In a 7-minute video uploaded by The Slo Mo Guys, host Gav shows how an old-school handheld 16mm Russian film camera works thanks to detailed footage captured at 1,000 frames per second with a Phantom Flex 4K.
After showing how film is loaded into the camera (and what film specifically this particular model camera takes), Gav demonstrates how to adjust the frame rate and shows what that looks like when operating. Of note, this particular camera can shoot as low as 8 frames per second all the way up to 48 frames per second.
Similar to how a DSLR works, which the Slo Mo Guys shared in a previous video, this film camera provides the shooter with a true-the-lens view of the subject, so the filmmaker can actually see what the camera is going to capture. It does this through a series of mirrors that reflect down to a mirrored disc that is placed at a 45-degree angle in front of the area where the film is exposed to light.
This mirror doesn’t quite work the same way as in a DSLR, however. It doesn’t move out of the way to then make room for a shutter that opens and closes to allow a certain amount of light to hit the film, but rather just rotates out of the way to reveal the film plane.
“This mirror is the shutter itself,” Gav explains. “It’s a rotary disc shutter.”
That shutter, which looks like two mirror plates on each side of a disc, spins at a rate that exposes film to light 24 times a second (or more, or less, depending on the camera’s setting). The gap between the spinning blades determines the shutter speed: every half rotation of the disc, which is one frame, the film is exposed by 1/60th of a second, which is determined by that gap in the shutter (and is fixed).
Also interesting, when looking through the viewfinder there is blackout for when the film is exposed and the mirror is not in place. That means that anyone looking through the viewfinder is actually seeing frames that the camera isn’t capturing. While they happen so fast you won’t likely notice, it’s still fascinating to think about.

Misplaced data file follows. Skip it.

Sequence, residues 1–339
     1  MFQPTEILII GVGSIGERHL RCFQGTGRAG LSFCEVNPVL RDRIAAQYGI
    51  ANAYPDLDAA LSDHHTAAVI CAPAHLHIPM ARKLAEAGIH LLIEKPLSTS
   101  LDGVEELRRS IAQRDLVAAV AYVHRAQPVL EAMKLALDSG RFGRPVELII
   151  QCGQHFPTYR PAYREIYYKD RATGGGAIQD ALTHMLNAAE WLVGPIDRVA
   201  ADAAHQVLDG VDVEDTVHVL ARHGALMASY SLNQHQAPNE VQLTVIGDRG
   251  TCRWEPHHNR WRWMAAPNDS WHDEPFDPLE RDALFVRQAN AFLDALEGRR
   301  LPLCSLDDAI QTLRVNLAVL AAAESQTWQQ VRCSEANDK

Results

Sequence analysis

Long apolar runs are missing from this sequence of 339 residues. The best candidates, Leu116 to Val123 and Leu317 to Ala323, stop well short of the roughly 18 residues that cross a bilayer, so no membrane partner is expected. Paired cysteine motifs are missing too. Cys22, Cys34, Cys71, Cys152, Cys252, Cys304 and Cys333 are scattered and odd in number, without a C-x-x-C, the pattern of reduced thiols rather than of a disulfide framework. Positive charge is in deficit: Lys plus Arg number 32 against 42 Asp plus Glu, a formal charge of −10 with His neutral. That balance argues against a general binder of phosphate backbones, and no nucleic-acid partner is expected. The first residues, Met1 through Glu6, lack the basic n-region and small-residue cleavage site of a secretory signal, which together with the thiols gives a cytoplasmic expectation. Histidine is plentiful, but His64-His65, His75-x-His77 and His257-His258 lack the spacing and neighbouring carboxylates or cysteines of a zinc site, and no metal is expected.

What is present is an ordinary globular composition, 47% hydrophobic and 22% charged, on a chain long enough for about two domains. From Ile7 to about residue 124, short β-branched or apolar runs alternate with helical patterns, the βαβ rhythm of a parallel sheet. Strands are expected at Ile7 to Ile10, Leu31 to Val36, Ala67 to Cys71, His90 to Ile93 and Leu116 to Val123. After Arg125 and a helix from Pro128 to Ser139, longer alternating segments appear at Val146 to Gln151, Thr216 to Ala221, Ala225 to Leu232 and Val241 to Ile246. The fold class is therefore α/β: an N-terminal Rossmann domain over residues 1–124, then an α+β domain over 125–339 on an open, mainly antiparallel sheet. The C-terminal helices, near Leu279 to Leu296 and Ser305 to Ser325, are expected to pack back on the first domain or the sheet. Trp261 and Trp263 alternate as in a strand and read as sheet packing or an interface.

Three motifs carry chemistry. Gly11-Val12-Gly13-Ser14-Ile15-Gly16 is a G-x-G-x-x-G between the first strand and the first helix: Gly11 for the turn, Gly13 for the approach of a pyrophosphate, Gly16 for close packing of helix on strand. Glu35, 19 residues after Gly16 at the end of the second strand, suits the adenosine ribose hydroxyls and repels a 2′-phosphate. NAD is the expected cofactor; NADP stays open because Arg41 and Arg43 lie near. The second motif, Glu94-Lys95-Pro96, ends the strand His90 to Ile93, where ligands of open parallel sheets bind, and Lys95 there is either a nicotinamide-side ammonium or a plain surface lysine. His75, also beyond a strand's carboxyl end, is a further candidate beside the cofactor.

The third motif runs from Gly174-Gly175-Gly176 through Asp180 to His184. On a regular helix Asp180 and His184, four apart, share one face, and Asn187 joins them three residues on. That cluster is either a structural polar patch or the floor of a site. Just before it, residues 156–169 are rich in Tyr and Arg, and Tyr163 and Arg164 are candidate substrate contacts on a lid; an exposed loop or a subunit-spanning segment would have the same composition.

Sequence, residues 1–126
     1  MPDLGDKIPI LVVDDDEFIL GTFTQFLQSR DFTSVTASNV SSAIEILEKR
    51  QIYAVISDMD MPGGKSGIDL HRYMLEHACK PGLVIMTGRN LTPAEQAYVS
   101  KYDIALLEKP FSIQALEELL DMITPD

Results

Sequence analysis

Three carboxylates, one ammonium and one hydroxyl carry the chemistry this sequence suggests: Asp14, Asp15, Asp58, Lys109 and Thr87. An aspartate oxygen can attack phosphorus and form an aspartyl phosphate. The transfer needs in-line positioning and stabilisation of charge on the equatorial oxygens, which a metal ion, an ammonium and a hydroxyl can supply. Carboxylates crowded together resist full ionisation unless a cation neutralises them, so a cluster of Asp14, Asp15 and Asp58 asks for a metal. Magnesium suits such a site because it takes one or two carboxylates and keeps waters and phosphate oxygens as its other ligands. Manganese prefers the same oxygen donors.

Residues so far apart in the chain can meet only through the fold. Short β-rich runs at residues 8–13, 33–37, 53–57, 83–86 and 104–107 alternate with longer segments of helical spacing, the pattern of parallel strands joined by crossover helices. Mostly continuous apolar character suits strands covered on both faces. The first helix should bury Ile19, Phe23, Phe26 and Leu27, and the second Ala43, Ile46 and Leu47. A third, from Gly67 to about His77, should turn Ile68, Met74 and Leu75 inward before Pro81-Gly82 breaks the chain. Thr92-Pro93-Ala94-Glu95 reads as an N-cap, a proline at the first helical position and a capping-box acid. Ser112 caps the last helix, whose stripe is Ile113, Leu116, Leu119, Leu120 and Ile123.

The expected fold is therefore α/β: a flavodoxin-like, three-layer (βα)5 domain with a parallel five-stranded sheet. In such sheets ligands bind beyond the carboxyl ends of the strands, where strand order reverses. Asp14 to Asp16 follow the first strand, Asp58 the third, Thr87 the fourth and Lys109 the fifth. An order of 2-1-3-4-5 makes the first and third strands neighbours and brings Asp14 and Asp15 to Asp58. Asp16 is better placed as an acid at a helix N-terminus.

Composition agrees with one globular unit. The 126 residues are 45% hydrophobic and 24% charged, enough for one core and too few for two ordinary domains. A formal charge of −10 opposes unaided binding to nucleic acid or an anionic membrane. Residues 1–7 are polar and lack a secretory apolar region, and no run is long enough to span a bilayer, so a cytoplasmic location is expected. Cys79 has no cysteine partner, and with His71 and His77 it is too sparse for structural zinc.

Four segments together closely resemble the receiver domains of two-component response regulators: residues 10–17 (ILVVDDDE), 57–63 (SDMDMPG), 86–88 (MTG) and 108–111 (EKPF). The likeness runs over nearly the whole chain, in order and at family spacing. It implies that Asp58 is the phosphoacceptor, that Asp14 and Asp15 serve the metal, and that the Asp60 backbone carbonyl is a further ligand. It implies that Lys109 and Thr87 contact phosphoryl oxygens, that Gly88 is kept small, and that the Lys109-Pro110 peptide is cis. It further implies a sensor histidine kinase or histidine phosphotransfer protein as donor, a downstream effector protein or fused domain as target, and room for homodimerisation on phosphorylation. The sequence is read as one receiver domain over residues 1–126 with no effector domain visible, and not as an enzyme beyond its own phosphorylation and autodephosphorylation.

“You’re basically seeing the opposite cycles,” Gav says.
Thinking about how a DSLR works again, you’ll recall that if there is any motion to the camera during image capture, blur can happen if the shutter speed is slow enough. In that same train of thought, you might be curious why anything this camera captures isn’t a blurry mess. As demonstrated, Gav shows that as the film moves through the camera and is exposed to light, it is held perfectly still by the camera. It’s a wonderful piece of engineering. When the film goes from one frame to the next behind the spinning mirror, it moves into place and appears stationary by the time light hits it. Looking at a sheet of film that he numbered from 1 to 24 to show this effect, Gav notes that as the numbers advance, they move into place and remain steady without us (or the slow-motion camera) even seeing that happen.
To see how this works, he removes the mirror disc. What he reveals is that the machine is so well-timed that the film is perfectly moved into place by the mechanism which prevents any blur from happening.
The whole video is full of incredible, detailed shots of the film camera’s interior in motion, which for anyone who loves seeing the mechanics of cameras is just a joy to watch.
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